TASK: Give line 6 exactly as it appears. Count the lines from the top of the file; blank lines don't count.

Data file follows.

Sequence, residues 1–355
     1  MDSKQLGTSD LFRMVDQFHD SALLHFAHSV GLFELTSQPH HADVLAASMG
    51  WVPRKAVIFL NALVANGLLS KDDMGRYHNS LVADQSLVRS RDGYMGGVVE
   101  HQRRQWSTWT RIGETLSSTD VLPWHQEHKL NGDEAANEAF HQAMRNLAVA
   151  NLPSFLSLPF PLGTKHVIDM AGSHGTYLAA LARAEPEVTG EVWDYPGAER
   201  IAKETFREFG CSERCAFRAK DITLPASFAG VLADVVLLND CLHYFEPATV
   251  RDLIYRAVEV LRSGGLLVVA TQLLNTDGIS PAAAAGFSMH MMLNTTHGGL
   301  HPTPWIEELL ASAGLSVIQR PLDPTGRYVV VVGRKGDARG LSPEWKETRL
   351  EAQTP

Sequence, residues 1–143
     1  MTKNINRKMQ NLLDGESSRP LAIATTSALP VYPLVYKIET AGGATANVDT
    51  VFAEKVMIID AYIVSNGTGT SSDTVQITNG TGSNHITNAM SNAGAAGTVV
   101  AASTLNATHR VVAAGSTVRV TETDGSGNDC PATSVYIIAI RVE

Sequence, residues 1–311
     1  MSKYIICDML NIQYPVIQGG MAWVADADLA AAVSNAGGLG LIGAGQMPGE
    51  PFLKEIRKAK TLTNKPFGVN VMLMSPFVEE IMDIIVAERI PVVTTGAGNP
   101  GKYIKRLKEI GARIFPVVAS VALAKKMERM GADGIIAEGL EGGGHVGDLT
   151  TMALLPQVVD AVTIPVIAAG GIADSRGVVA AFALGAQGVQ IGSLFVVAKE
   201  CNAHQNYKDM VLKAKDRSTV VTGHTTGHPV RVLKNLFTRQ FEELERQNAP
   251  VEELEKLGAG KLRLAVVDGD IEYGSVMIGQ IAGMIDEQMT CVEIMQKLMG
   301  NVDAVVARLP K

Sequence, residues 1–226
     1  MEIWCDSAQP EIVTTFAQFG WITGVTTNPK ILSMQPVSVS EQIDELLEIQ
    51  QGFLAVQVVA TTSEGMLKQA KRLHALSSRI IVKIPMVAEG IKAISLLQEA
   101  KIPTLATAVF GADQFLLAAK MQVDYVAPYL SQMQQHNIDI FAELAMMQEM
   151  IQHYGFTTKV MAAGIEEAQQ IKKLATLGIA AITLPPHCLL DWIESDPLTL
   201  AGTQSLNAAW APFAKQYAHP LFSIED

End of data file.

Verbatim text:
   201  IAKETFREFG CSERCAFRAK DITLPASFAG VLADVVLLND CLHYFEPATV